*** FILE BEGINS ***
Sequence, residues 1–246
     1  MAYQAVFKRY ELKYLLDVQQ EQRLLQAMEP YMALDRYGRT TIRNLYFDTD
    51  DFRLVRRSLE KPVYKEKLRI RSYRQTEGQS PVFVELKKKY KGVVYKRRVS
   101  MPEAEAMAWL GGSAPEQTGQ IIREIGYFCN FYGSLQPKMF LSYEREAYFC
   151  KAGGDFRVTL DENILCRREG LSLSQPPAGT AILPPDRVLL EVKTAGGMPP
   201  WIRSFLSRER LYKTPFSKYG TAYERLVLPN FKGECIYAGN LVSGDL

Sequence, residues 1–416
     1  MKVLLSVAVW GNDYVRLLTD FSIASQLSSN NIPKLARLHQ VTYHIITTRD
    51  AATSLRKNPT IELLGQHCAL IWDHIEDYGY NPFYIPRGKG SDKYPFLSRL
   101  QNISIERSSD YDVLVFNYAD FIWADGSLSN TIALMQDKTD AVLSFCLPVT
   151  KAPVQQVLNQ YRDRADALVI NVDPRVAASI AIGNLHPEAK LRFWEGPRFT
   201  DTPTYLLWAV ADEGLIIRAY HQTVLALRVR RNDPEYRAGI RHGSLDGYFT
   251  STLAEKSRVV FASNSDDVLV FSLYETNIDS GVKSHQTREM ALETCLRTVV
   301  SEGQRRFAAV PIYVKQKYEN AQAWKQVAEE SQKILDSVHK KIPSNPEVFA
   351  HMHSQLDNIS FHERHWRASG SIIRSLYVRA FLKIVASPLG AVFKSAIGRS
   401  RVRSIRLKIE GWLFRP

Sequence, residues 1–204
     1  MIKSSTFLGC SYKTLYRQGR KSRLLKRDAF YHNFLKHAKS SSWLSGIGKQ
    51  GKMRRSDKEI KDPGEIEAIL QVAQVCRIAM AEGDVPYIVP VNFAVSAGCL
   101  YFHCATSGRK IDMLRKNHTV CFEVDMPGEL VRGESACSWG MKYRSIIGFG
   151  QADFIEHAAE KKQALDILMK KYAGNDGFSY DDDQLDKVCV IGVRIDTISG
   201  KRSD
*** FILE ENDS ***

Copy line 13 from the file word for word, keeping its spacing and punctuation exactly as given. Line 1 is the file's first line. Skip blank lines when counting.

   251  STLAEKSRVV FASNSDDVLV FSLYETNIDS GVKSHQTREM ALETCLRTVV